David Swensen, in his Unconventional Success book, recommends a six asset class portfolio plan explained in this Seeking Alpha article. Building on a base of six ETFs, the following portfolio adds two "Piotroski" stocks or stocks that pass a screen of having a High F-Score of eight (8) or higher. Just what is a "Piotroski" stock and what are the screens used to identify these stocks? The nine components are identified in this article, Reviewing Piotroski's F-Score.
Quantext Portfolio Planner Analysis: The following analysis is based on the assumption that the S&P 500 will grow at an annualized 7.0% over the next year. The projection for this combination of securities is nearly five percentage points above that anticipated for the S&P 500. We pay for that robust growth projection with a high projected standard deviation of 19%. However, the Return/Risk ratio is 0.62 or just a little higher than our goal of 0.60.
The Diversification Metric is above our goal of 40% and the Portfolio Autocorrelation is very low (-9.0%), a positive outcome. Examine the Historical Data and one sees how well this portfolio performed vs. the S&P 500 over the past five years.
(CRAI) CRA International, Inc. is a global consulting firm. The company offers economic, financial, and management consulting that applies analytic techniques and in-depth industry knowledge to complex problems. This stock is held in the Gauss Portfolio and currently has a perfect High F-Score of nine (9).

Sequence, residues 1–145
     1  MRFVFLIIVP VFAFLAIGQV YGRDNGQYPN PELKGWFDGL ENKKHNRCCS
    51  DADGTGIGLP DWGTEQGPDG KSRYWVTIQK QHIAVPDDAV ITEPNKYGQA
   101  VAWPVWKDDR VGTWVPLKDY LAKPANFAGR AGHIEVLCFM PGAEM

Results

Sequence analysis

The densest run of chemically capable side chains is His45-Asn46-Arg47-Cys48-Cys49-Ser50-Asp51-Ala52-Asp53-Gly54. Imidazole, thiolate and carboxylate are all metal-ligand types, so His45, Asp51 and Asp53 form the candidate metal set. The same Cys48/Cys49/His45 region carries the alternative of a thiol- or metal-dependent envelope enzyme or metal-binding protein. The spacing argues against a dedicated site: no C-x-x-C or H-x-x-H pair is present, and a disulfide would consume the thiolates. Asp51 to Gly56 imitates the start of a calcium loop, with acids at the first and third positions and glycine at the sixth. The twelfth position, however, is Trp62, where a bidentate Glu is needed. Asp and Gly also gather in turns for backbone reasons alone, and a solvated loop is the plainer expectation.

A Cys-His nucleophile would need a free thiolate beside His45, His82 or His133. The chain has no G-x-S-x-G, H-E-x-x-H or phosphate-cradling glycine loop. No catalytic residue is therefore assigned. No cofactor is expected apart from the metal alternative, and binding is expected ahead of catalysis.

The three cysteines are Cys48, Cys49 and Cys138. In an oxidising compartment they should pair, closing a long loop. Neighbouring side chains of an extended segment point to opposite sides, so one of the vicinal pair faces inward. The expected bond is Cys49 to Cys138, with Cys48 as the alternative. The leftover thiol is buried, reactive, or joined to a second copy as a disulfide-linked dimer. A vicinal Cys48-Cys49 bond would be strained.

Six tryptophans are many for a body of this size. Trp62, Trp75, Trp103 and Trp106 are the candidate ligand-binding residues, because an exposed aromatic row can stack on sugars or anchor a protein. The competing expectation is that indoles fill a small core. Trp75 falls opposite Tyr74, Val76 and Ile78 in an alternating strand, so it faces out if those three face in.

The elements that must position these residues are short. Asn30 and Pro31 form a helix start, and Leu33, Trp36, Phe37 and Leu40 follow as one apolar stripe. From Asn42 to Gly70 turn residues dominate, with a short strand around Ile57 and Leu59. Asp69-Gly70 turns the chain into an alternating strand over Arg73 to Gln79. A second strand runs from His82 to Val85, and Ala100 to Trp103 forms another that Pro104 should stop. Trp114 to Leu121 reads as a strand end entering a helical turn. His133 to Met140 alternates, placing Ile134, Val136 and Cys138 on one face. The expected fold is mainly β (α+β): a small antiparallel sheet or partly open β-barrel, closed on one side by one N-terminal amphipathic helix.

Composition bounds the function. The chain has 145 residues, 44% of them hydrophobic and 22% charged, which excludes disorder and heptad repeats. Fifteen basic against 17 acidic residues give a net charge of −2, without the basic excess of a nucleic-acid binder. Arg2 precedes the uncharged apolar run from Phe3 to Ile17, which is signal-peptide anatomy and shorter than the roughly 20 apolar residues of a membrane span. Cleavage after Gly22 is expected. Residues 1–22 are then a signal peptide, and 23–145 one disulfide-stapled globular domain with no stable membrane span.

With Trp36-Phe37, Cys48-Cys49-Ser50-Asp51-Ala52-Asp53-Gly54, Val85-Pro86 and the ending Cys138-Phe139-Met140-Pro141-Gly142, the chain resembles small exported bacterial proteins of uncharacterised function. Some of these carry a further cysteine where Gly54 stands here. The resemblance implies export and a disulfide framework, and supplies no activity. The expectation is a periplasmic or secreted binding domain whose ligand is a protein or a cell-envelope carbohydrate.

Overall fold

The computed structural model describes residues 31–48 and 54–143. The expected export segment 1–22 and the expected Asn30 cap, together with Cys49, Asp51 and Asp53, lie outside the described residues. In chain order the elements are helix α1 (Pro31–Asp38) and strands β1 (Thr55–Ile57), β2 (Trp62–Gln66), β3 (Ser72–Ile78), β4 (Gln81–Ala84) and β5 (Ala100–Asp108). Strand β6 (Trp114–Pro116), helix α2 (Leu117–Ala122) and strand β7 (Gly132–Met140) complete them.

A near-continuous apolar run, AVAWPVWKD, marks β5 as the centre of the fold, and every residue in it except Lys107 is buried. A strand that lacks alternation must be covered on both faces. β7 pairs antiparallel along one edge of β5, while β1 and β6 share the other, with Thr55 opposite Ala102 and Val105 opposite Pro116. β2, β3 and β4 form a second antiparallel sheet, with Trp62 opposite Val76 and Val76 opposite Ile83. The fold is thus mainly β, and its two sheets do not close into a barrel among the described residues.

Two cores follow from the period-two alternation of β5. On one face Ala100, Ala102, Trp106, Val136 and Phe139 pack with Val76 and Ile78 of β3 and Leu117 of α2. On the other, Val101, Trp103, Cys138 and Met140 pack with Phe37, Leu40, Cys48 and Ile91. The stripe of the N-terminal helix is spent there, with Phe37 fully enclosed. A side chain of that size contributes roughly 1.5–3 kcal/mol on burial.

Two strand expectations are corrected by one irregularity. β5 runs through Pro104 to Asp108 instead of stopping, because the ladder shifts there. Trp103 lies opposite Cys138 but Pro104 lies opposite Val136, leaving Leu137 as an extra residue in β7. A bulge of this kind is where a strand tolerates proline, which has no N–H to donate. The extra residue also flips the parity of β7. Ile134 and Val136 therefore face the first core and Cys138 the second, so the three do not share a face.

(GAI) Global-Tech Advanced Innovations Inc. is an investment holding company. Global-Tech, along with its subsidiaries, is a manufacturer of consumer electrical products, including floor care products and small household appliances, electronic and optical components, and is also involved in the assembly of cellular phones. The current High F-Score is eight (8).
Correlation Matrix: One reason for adding "Piotroski" stocks is to increase the diversification by lowering the correlation between investments. CRAI serves that purpose to a greater degree than GAI.
Two more stocks pass the Piotroski High F-Score, but neither have five-year records so I did not include them in the analysis.
Stocks that score a nine are added to the Gauss Portfolio and remain there so long as they hold on to a Piotroski score of seven or higher. When they drop below seven, the stock is sold. PFIN was one such stock and while it was held in the Gauss Portfolio the Internal Rate of Return (IRR) was 71.1%. The high value is exaggerated as the holding period was only a few months. CRAI is still in the Gauss, but is losing money. If GAI moves up to an F-Score of nine, it will be added to the portfolio.